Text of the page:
COVID-19 cases and hospitalizations statewide are trending down, welcome news ahead of the new year, the Oregon Health Authority said Wednesday.
Statewide, the week of Dec. 21 saw 6,790 new cases of the virus, the third consecutive week of declining cases. In the same timeframe, 337 people were hospitalized with the virus, also a decline from the previous week.
Reported COIVD-19 deaths were down, too — at 86, the state saw the lowest number in four weeks, though some local health departments experienced reporting delays due to the holiday.
This week, local counties continued to see virus cases tick upwards.
Between Monday and Thursday, Coos County reported 50 new cases of the virus. It also reported three new virus deaths, a grim figure bringing the county’s death toll to nine.
All three deaths were associated with the Life Care Center outbreak in Coos Bay.
“We’ve known since the beginning that congregate care settings are always going to be the (hardest) hit and that’s the ones that we’re the most afraid of the COVID virus getting into,” said Dr. Eric Gleason, the assistant director of Coos Health & Wellness Thursday. “They’ve done a significant amount of work trying to maintain the situation, and try to do what they could to reduce the spread, but congregate care facilities by nature are just very hard to control.”
Curry County reported four new virus cases between Monday and Wednesday, and Douglas County reported 24 in the same timeframe. Neither reported new virus deaths.
On Monday, Coos County officials reported one new case of the virus at the Shutter Creek Correctional Institution, which experienced an outbreak earlier in the pandemic. The new case was attributed to an adult in custody, according to Gleason.
In Coos County, only the Bandon-Langlois ZIP code experienced an increasing case rate for the state’s Dec. 21-27 reporting period with 6 new cases bringing its total to 43 since the pandemic began.
In the same timeframe, the Brookings-Harbor area reported 21 new cases for a total of 205, and the Coos Bay ZIP code reported 21 as well for a total of 349.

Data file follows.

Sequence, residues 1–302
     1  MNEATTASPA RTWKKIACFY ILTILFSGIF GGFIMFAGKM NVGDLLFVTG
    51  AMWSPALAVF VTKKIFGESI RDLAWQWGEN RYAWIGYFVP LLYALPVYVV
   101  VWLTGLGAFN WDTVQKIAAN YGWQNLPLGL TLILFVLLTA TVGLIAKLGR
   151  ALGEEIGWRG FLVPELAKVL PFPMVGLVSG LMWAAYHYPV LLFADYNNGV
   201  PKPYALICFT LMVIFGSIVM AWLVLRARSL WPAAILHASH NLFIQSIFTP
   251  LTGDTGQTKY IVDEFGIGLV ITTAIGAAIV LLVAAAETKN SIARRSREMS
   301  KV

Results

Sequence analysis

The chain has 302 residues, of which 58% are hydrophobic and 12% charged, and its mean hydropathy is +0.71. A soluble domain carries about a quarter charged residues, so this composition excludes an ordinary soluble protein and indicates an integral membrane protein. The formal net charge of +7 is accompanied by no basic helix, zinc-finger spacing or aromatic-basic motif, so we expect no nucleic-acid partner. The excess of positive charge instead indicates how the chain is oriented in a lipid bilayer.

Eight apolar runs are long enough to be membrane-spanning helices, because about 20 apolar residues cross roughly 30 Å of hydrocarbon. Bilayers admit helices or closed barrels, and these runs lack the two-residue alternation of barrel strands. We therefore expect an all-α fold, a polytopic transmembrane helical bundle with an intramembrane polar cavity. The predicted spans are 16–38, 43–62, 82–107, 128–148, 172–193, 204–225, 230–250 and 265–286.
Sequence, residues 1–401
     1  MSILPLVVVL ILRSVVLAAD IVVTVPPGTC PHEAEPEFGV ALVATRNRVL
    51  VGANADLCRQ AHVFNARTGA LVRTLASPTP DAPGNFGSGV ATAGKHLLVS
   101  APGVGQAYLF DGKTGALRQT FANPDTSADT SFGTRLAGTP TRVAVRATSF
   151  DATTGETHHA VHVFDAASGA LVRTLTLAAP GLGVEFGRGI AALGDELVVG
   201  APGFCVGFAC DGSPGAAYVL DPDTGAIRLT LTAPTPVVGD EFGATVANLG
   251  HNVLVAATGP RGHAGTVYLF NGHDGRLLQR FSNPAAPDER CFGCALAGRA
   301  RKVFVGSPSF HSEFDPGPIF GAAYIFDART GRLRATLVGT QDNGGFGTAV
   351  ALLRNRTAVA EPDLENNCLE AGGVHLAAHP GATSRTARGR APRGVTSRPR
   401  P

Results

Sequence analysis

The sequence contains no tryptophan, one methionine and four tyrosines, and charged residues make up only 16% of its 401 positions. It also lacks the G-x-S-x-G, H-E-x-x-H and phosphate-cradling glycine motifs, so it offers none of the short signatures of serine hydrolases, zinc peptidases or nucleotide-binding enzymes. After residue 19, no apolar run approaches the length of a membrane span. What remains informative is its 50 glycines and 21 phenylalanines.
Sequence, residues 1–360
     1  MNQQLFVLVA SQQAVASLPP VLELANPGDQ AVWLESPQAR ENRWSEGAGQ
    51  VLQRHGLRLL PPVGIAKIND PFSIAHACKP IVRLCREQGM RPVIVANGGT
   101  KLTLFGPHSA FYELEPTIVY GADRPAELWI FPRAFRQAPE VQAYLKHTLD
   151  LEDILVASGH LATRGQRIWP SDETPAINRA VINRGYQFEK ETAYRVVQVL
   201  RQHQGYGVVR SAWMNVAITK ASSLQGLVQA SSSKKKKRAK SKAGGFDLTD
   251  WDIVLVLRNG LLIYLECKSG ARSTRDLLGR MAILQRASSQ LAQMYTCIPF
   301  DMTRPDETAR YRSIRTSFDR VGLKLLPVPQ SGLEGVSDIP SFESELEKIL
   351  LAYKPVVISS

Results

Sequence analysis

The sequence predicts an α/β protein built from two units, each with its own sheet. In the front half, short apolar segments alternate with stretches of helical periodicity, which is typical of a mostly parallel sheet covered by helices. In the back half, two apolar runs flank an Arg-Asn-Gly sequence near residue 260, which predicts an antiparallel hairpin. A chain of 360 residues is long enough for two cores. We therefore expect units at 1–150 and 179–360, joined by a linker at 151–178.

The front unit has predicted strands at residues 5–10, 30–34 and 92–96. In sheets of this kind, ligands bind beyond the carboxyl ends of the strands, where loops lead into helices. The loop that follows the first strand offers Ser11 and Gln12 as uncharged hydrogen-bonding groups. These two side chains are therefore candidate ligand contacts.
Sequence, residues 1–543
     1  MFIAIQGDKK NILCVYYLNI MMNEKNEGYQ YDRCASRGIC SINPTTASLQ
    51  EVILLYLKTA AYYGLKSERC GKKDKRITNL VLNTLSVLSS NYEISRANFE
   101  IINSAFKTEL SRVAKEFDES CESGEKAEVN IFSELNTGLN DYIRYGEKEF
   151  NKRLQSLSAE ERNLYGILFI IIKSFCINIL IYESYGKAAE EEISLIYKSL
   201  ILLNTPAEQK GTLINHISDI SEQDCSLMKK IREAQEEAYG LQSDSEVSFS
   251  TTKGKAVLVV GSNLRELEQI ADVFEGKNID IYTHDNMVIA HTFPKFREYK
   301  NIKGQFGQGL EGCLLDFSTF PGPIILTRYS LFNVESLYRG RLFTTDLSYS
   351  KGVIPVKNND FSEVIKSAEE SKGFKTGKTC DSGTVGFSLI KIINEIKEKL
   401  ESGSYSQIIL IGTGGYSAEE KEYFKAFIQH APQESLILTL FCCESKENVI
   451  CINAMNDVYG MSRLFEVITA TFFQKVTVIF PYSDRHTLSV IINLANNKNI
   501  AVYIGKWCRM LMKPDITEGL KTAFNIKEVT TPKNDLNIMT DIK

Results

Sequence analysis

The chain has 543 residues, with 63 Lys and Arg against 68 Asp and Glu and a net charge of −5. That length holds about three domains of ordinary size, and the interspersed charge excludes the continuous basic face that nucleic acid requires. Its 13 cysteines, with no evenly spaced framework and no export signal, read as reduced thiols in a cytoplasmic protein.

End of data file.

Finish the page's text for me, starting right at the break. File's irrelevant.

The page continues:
As of Thursday, there were four hospitalized in Coos County with the virus.
Statewide, over 31,000 people have received the first dose of a COVID-19 vaccine, according to the OHA. Coos County boasts the second highest rate of vaccination in the state, with 726 people vaccinated by Wednesday.
Douglas County has administered 313 vaccinations, and Curry County has administered 113.
Much of the success in Coos County is attributable to the vaccination program at Bay Area Hospital, which has offered the vaccine to its staff members and other healthcare workers in the community. CHW has received some doses of the vaccine is making them available to emergency service employees, according to Gleason.
“Our hospital has done an absolutely (fantastic) getting the vaccine out in a timely manner to the first wave,” Gleason said. “We’re doing a really good job at this point.”
Still, Dr. Peter Lund, CHW’s chief medical officer and a wound care physician at BAH, said the community will likely need to see between 70% and 90% of residents get vaccinated in order to achieve heard immunity, where the vaccine can’t spread fast enough to survive.
He encourages those who are able to get the vaccine, even skeptics of it, to do so if they’re able to.
“Things are always risk-based. The risk of COVID seems far greater than any risk from the vaccine at this point,” Lund said Thursday. “I liken it to wearing a seatbelt. You’re always safer in an accident if you have a seatbelt on than if you don’t, but many people don’t wear a seatbelt because they’re afraid of getting trapped in their car.”
Lund got the shot himself, and his only side effect was two days with a sore arm, he said.
“As far as protecting the community, we need the vast majority of people to be vaccinated to reduce the transmission of the virus in the community,” Lund said. “I would encourage most people to get the vaccine and not be afraid of it — and also, put on their seatbelt, and get a flu shot.”